Caribbean coral growth influenced by anthropogenic aerosol emissions

Journal name:
Nature Geoscience
Volume:
6,
Pages:
362–366
Year published:
DOI:
doi:10.1038/ngeo1780
Received
Accepted
Published online

Coral growth rates are highly dependent on environmental variables such as sea surface temperature1, 2 and solar irradiance3, 4. Multi-decadal variability in coral growth rates has been documented throughout the Caribbean over the past 150–200 years5, 6, and linked to variations in Atlantic sea surface temperatures5. Multi-decadal variability in sea surface temperatures in the North Atlantic, in turn, has been linked to volcanic and anthropogenic aerosol forcing7. Here, we examine the drivers of changes in coral growth rates in the western Caribbean between 1880 and 2000, using previously published coral growth chronologies from two sites in the region, and a numerical model. Changes in coral growth rates over this period coincided with variations in sea surface temperature and incoming short-wave radiation. Our model simulations show that variations in the concentration of anthropogenic aerosols caused variations in sea surface temperature and incoming radiation in the second half of the twentieth century. Before this, variations in volcanic aerosols may have played a more important role. With the exception of extreme mass bleaching events, we suggest that neither climate change from greenhouse-gas emissions nor ocean acidification is necessarily the driver of multi-decadal variations in growth rates at some Caribbean locations. Rather, the cause may be regional climate change due to volcanic and anthropogenic aerosol emissions.

At a glance

Figures

  1. Map of the Greater Caribbean region.
    Figure 1: Map of the Greater Caribbean region.

    Mean SST map of the Greater Caribbean region showing the Belize (i) and Panama (ii) sites. Contours give the standard deviation of the mean. SSTs are mean values from the Operational Sea Surface Temperature and Sea Ice Analysis (OSTIA) high-resolution satellite data set (1985–2007)30.

  2. AMO and multi-decadal coral growth anomalies.
    Figure 2: AMO and multi-decadal coral growth anomalies.

    a, The 25-year filtered AMO. b,c, 25-year filtered coral growth anomalies (blue) and observed SST anomalies (red) for the Belize (b) and Panama (c) sites. Coral growth and SST are linearly detrended as per the definition of the AMO.

  3. The influence of anthropogenic aerosols on SSTs and short-wave radiation.
    Figure 3: The influence of anthropogenic aerosols on SSTs and short-wave radiation.

    Modelled SST and short-wave radiation (SW) with time-varying (blue) and fixed (red) anthropogenic aerosols. a,b, SST is shown as Caribbean average (a) and short-wave radiation is shown for the Belize and Panama sites (b). Model ensemble uncertainty is shown bounded by dashed lines and variables are 13-year filtered. Observed Caribbean average SST is shown in black and modelled SSTs have been bias corrected. See Methods for further details on modelling methodology.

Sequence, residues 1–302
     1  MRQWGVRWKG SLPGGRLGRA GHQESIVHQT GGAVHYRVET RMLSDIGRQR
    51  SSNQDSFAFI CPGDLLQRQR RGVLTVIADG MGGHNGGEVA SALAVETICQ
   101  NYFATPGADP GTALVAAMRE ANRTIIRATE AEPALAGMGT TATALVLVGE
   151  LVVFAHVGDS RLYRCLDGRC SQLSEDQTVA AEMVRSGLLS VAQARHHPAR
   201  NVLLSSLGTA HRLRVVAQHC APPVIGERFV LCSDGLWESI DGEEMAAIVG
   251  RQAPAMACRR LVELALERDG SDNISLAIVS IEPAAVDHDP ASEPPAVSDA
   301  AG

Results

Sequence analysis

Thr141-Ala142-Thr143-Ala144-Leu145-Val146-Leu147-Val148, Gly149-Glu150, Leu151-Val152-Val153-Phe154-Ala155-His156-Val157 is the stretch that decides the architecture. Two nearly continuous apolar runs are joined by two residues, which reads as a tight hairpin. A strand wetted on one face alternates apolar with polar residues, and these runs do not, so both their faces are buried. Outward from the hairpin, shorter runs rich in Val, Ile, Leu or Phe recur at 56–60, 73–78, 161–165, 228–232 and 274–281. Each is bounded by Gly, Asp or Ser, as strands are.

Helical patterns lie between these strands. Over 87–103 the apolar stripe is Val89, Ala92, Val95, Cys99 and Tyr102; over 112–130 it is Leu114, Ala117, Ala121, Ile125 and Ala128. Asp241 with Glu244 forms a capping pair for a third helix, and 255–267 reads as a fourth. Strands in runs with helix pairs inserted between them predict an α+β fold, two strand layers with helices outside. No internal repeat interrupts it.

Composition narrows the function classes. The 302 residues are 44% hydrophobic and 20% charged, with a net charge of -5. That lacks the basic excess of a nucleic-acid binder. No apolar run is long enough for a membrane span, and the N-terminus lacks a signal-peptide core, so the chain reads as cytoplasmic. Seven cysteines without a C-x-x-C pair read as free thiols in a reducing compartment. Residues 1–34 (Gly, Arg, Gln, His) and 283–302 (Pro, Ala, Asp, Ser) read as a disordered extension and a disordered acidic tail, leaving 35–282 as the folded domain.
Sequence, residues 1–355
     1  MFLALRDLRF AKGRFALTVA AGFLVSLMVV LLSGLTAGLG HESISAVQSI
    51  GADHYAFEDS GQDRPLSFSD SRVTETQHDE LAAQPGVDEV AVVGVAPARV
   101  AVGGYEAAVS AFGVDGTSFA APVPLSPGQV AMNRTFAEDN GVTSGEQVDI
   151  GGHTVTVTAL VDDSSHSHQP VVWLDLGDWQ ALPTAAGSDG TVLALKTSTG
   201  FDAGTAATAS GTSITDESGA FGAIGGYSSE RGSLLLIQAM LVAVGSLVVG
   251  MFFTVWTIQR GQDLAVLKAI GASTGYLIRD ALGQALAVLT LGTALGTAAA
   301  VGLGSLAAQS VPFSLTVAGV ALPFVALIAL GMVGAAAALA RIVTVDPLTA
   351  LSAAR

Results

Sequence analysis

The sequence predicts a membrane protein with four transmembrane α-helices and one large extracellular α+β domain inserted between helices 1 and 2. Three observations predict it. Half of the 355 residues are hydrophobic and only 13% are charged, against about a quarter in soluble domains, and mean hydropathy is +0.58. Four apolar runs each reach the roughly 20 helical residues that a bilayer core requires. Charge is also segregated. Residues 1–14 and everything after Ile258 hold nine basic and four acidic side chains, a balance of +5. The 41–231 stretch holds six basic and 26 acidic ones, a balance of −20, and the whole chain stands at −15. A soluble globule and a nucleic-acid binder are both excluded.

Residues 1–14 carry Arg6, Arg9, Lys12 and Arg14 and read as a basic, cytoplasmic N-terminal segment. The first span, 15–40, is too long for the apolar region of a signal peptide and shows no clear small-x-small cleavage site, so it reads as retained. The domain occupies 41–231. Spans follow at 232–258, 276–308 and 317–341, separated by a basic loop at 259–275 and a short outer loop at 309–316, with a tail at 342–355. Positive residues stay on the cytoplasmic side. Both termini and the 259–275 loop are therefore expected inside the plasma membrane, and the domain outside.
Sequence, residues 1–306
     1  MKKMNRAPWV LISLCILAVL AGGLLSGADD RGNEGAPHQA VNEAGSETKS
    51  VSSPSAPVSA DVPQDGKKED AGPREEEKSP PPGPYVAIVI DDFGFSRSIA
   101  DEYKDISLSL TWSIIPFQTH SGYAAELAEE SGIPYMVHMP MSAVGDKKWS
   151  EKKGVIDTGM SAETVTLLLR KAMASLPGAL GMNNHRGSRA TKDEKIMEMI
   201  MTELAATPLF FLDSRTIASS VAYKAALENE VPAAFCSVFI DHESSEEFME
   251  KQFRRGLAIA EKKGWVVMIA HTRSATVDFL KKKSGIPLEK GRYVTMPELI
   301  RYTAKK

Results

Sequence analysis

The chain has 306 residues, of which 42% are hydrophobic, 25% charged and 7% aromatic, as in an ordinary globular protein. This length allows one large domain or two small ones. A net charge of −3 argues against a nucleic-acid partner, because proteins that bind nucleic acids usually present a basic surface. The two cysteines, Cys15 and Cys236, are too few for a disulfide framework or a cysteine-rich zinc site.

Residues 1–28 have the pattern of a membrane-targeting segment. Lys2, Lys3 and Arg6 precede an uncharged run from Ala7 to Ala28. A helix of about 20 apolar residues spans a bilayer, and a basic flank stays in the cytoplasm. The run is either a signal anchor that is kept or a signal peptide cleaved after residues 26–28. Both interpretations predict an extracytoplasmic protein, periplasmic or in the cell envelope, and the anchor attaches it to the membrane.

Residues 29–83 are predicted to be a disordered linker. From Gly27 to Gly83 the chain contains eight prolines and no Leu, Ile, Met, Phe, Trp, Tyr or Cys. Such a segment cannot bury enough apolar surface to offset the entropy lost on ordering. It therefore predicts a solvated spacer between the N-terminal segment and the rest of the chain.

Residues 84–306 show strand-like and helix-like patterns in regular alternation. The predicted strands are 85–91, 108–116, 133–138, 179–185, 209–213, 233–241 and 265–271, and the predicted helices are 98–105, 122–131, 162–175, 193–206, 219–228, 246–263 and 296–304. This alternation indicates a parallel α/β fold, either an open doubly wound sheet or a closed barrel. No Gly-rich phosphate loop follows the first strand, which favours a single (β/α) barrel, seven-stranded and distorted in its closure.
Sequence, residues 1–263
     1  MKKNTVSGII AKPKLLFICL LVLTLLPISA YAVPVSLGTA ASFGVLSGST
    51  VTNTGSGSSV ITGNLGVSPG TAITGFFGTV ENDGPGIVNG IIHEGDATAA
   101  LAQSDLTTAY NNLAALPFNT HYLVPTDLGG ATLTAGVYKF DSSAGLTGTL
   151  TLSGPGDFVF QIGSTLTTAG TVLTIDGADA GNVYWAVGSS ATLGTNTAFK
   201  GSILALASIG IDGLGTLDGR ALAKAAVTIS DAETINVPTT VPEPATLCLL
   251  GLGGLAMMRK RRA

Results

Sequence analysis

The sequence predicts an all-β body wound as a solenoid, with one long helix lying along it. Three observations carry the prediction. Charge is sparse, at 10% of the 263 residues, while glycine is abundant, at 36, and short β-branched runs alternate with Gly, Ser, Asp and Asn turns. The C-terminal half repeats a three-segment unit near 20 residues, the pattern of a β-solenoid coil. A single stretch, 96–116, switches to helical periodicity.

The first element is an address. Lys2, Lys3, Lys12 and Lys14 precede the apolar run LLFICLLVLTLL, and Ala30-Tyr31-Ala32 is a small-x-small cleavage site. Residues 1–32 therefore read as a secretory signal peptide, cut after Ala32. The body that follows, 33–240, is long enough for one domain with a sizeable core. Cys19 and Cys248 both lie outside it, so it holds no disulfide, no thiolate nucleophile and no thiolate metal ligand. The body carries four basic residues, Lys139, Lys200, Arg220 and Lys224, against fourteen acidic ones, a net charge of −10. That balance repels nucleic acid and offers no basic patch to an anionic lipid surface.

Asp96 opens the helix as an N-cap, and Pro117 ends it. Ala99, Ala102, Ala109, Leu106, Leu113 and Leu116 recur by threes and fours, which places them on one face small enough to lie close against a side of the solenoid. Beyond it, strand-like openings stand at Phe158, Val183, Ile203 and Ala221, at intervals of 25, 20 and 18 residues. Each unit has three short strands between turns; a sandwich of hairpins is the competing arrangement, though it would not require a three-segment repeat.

4. The influence of anthropogenic aerosols on coral growth rates.
    Figure 4: The influence of anthropogenic aerosols on coral growth rates.

    a,b, Observational coral growth (black), and modelled coral growth with time-varying anthropogenic aerosols (blue) and with fixed anthropogenic aerosols (red) for the Belize (a) and Panama (b) sites. The 95% confidence intervals of the regression model with time-varying and fixed anthropogenic aerosols are shown bounded by dashed lines. This uncertainty includes HadGEM2-ES ensemble uncertainty. Observations and model variables are 13-year filtered.

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Author information

Affiliations

  1. College of Engineering, Mathematics and Physical Sciences, University of Exeter, Exeter EX4 4QF, UK

    • Lester Kwiatkowski,
    • Peter M. Cox &
    • Theo Economou
  2. Met Office Hadley Centre, Exeter EX1 3PB, UK

    • Paul R. Halloran &
    • Ben B. B. Booth
  3. School of Biological Sciences, University of Queensland, St Lucia Brisbane, Queensland 4072, Australia

    • Peter J. Mumby
  4. Australian Nuclear Science and Technology Organisation, Lucas Heights, New South Wales 2234, Australia

    • Jessica Carilli
  5. Smithsonian Tropical Research Institute, PO BOX 0843-03092, Panama City, Republic of Panama

    • Hector M. Guzman

Contributions

L.K., P.M.C. and P.R.H. conceived and designed the experiments. L.K. performed the experiments and analysed the data. L.K., P.M.C., P.R.H., T.E., P.J.M., J.C., H.M.G. and B.B.B.B. interpreted the data, discussed their implications and contributed to the manuscript.

Competing financial interests

The authors declare no competing financial interests.

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